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posted by hubie on Wednesday July 10, @03:54AM   Printer-friendly

I picked up the new book Compromised last week and was intrigued to discover that it may have shed some light on a small (and rather esoteric) cryptologic and espionage mystery that I've been puzzling over for about 15 years. Compromised is primarily a memoir of former FBI counterintelligence agent Peter Strzok's investigation into Russian operations in the lead up to the 2016 presidential election, but this post is not a review of the book or concerned with that aspect of it.

Early in the book, as an almost throwaway bit of background color, Strzok discusses his work in Boston investigating the famous Russian "illegals" espionage network from 2000 until their arrest (and subsequent exchange with Russia) in 2010. "Illegals" are foreign agents operating abroad under false identities and without official or diplomatic cover. In this case, ten Russian illegals were living and working in the US under false Canadian and American identities. (The case inspired the recent TV series The Americans.)

Strzok was the case agent responsible for two of the suspects, Andrey Bezrukov and Elena Vavilova (posing as a Canadian couple under the aliases Donald Heathfield and Tracey Lee Ann Foley). The author recounts watching from the street on Thursday evenings as Vavilova received encrypted shortwave "numbers" transmissions in their Cambridge, MA apartment.

Given that Bezrukov and Vaviloa were indeed, as the FBI suspected, Russian spies, it's not surprising that they were sent messages from headquarters using this method; numbers stations are part of time-honored espionage tradecraft for communicating with covert agents. But their capture may have illustrated how subtle errors can cause these systems to fail badly in practice, even when the cryptography itself is sound.

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  • (Score: 5, Interesting) by looorg on Wednesday July 10, @08:37AM

    by looorg (578) on Wednesday July 10, @08:37AM (#1363623)

    ... , the Russian numbers intended for them were sent not by a transmitter in Russia ... but relayed by the Cuban shortwave numbers station. This is perhaps a bit surprising, since the period in question (2000-2010) was well after the Soviet Union, the historic protector of Cuba's government, had ceased to exist.

    Not that surprising at all. Governments and leaders change. Agency cooperation is more or less eternal. Built on trust and personal connections that in some regard transend who the current leaders are.

    The Cuban numbers station is somewhat legendary.

    "AtenciĆ³n" [] []

    some messages completely lacked the digit 9 ("nueve"). Most messages had, as they always did and as you'd expect with OTP ciphertext, a uniform distribution of the digits 0-9. But other messages, at random times, suddenly had no 9s at all. I wasn't the only (or the first) person to notice this; apparently the 9s started disappearing from messages some time around 2005.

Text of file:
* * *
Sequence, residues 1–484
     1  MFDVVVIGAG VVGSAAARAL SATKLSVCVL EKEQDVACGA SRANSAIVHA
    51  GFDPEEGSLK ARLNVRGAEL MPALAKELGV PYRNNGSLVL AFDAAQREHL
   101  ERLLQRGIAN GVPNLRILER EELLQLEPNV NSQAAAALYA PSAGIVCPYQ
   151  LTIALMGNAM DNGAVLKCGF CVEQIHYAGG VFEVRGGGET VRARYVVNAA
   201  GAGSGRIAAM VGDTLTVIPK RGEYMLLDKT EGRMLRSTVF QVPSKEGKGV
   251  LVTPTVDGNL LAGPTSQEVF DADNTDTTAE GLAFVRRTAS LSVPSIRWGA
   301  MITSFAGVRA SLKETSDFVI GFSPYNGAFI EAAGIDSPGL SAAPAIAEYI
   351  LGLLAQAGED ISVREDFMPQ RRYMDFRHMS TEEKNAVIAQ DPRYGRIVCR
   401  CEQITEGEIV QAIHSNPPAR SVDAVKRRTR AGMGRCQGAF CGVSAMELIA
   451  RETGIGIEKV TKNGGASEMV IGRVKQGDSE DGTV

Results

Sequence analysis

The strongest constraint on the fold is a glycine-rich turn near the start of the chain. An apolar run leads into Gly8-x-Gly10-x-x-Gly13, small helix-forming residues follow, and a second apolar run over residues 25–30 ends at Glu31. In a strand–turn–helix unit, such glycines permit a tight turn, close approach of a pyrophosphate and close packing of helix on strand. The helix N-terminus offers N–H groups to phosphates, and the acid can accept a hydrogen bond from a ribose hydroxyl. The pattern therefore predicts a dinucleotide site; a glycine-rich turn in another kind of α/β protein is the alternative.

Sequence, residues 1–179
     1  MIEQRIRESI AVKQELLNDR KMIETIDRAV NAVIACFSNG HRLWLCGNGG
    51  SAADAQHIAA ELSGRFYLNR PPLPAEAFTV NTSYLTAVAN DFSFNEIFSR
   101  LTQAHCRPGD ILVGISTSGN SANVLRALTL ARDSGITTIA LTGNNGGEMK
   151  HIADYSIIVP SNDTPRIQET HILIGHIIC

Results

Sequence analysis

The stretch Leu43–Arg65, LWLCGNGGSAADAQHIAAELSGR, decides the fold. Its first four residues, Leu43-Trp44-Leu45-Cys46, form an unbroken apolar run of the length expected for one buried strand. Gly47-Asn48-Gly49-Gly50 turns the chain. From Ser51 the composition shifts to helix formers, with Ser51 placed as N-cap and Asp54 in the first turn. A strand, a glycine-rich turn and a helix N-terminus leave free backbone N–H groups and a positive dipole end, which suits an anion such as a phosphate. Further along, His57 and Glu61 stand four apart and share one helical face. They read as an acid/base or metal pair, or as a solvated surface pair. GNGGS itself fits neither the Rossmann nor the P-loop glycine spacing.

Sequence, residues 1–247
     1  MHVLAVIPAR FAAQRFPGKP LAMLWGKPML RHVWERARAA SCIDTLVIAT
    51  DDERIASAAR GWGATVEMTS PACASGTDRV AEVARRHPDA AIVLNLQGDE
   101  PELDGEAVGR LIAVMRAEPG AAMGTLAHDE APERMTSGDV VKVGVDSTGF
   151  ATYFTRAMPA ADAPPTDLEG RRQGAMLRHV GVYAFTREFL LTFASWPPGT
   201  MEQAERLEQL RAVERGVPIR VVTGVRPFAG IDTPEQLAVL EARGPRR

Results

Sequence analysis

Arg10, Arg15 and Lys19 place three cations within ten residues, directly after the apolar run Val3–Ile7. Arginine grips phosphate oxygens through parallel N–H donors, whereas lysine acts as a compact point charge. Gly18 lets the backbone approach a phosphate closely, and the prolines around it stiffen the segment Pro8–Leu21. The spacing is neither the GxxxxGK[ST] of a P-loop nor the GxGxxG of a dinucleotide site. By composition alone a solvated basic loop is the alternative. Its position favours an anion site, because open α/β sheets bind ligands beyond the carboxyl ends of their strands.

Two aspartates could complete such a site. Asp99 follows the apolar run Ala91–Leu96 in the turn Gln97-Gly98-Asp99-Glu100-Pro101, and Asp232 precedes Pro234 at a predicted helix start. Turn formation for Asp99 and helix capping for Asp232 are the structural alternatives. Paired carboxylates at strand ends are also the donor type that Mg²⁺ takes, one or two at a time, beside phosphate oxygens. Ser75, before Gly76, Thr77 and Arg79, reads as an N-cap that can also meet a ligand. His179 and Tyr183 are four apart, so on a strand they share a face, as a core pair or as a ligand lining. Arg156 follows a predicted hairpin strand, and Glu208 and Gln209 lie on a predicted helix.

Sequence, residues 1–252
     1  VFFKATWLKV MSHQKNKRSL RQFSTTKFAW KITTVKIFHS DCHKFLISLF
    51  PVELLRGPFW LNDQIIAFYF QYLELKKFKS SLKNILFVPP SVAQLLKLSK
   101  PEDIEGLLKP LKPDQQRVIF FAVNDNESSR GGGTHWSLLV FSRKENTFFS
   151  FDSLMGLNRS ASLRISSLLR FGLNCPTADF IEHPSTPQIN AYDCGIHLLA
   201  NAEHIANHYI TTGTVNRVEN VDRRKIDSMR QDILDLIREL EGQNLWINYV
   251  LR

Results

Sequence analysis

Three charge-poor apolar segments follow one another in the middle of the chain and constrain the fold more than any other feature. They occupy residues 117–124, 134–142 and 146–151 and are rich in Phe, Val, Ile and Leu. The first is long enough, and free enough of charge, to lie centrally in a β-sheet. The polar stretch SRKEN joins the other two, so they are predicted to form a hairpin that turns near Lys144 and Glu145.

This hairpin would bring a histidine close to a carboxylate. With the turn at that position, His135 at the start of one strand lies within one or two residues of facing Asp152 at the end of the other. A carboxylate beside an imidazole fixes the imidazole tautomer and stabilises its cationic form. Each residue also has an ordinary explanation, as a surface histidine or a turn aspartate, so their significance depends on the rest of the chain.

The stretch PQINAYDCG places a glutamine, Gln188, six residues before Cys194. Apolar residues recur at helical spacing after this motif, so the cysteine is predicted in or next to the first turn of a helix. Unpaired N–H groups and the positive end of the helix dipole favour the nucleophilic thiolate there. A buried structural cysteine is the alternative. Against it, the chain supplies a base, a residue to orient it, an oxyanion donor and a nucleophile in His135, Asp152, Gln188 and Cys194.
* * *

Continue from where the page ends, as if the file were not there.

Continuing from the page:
The 9-less messages went on for almost ten years.

    The FBI (or NSA) no doubt noticed the lack of 9s just as I (and others) did, and likely came to the same conclusions I did. The difference is that they were in a position to confirm the hypothesis through real-time surveillance of actual espionage suspects.

    If it was missing for almost 10 years I think they would have noticed it and fixed it. Unless they wanted it to be like that. Otherwise it's kind of bad and sort of defeats the purpose of filler traffic. They might as well just have stopped sending that then since it was so obvious and clear. Also it would/could explain why they changed system in 1997 and then again then again just a few years later going all digital. []

  • (Score: 3, Interesting) by turgid on Wednesday July 10, @11:32AM

    by turgid (4318) Subscriber Badge on Wednesday July 10, @11:32AM (#1363632) Journal

    No manual entry for strzok in section 3.

  • (Score: 2, Interesting) by shrewdsheep on Wednesday July 10, @04:23PM (1 child)

    by shrewdsheep (5215) on Wednesday July 10, @04:23PM (#1363660)

    I guess, if a transmission takes as long as 15 min, it seems trivial to scan frequencies and jam the transmission.

    • (Score: 5, Interesting) by bussdriver on Wednesday July 10, @04:58PM

      by bussdriver (6876) Subscriber Badge on Wednesday July 10, @04:58PM (#1363665)

      Not if you want to monitor them and if you crack the code and if you have double agents who need to do their job.

  • (Score: 3, Informative) by SomeRandomGeek on Wednesday July 10, @10:47PM

    by SomeRandomGeek (856) on Wednesday July 10, @10:47PM (#1363700)

    The author theorizes that the messages with no nines were fill, while the messages with an equal distribution of digits were real messages. My own intuition is the reverse of that. It is easy to make a fill generator that produces each digit at the same frequency. It is more difficult to make a cipher that does. The Russians probably had a simple cipher suitable to being encoded/decoded by hand. By way of illustration, imagine that your messages contain 26 possible letters. The one time pad contains a sequence of numbers between 0 and 25. To encode, you convert the letter to a number between 1 and 26 and add the number from the pad, then if the number is greater than 26 subtract 26. The encrypted text will now contain an equal distribution of the numbers between 1 and 26. Someone intercepting the message will not be able to decode it. But they will notice a pattern to the numbers. You never see a 35, for example, because 35 is not between 1 and 26.